Although the parallel concept of biodiversity has long been established as an essential element in sustainable planning and management strategies, until relatively recently geodiversity was commonly taken for granted underpinning biodiversity.
However, the publication in 2005 of Planning Policy Statement (PPS) 9: Biodiversity and Geological Conservation, which sets out the Government’s national policies on the protection of biodiversity and geological conservation, introduces the concept of geodiversity into the planning process.
It is now stated clearly that both Regional Spatial Strategies and Local Development Frameworks must have regard to the national guidance on geodiversity set out in PPS9.
Complementary to PPS9, Planning for Biodiversity and Geological Conservation – A Guide to Good Practice (2006) provides guidance, via case studies and examples, on the ways in which regional planning bodies and local planning authorities can help deliver the national policies in PPS9 and comply with legal requirements.
The key principles in PPS9 require that planning policies and decisions not only avoid, mitigate or compensate for harm, but seek ways to enhance and restore biodiversity and geology. The guidance suggests ways in which these principles might be achieved.
These include identifying the geodiversity value of previously developed sites and the opportunities for incorporating this in developments, as well as recognizing areas of geological value, which would benefit from enhancement and management.
Geodiversity must be considered at every stage of the planning and development process, and at all scales (local, regional and national), following clear policy guidelines on the best ways to conserve it. Perhaps the greatest threat to geodiversity is inappropriate development.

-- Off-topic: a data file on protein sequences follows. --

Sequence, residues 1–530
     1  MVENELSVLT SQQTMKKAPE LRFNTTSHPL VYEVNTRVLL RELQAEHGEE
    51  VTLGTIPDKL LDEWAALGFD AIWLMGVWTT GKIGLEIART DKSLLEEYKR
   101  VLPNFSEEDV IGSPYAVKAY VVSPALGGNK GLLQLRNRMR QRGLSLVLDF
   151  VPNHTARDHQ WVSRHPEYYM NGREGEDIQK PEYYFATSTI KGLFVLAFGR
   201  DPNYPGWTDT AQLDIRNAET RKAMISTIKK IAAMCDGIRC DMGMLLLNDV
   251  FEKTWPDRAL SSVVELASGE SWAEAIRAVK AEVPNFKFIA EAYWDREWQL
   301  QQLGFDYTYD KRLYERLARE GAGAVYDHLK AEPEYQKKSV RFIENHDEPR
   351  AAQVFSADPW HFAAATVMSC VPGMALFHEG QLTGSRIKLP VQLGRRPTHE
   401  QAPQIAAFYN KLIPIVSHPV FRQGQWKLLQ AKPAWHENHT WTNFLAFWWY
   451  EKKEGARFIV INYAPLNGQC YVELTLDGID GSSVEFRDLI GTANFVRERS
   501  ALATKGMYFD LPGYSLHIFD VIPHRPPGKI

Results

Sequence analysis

New developments often destroy or conceal valuable geological exposures and disrupt the natural processes that helped form them. When any development – large or small – is proposed, planners should assess its potential impacts on geodiversity, take steps to mitigate any damage that cannot be prevented, and identify opportunities that might benefit geodiversity.
For example, some developments might allow the creation of more rock exposures, or offer an opportunity to re-establish natural systems; in others, planning permission may insist on mitigation, such as future monitoring and maintenance work.
Road improvement works may require the construction of new cuttings and such operations offer opportunities to reveal hitherto unexposed geological sections, either temporarily during construction, or as permanent features.
Geodiversity is not and should not be regarded merely as concerned with conservation of geological sites or features. As an essential part of natural heritage it influences fields as varied as economic development and historical and cultural heritage.